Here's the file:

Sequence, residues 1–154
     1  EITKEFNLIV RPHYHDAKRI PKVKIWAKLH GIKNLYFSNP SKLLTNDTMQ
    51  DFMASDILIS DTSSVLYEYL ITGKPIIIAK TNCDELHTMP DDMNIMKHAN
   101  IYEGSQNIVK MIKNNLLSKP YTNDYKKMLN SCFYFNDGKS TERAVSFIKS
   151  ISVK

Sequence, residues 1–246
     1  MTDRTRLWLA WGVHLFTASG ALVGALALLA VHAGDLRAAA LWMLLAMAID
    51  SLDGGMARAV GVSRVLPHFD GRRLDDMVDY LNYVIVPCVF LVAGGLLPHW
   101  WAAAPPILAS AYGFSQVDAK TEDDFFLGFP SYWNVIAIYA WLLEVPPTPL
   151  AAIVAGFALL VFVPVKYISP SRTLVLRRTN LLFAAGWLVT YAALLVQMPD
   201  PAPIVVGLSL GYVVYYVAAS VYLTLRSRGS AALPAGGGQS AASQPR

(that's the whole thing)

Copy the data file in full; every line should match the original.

Sequence, residues 1–154
     1  EITKEFNLIV RPHYHDAKRI PKVKIWAKLH GIKNLYFSNP SKLLTNDTMQ
    51  DFMASDILIS DTSSVLYEYL ITGKPIIIAK TNCDELHTMP DDMNIMKHAN
   101  IYEGSQNIVK MIKNNLLSKP YTNDYKKMLN SCFYFNDGKS TERAVSFIKS
   151  ISVK

Sequence, residues 1–246
     1  MTDRTRLWLA WGVHLFTASG ALVGALALLA VHAGDLRAAA LWMLLAMAID
    51  SLDGGMARAV GVSRVLPHFD GRRLDDMVDY LNYVIVPCVF LVAGGLLPHW
   101  WAAAPPILAS AYGFSQVDAK TEDDFFLGFP SYWNVIAIYA WLLEVPPTPL
   151  AAIVAGFALL VFVPVKYISP SRTLVLRRTN LLFAAGWLVT YAALLVQMPD
   201  PAPIVVGLSL GYVVYYVAAS VYLTLRSRGS AALPAGGGQS AASQPR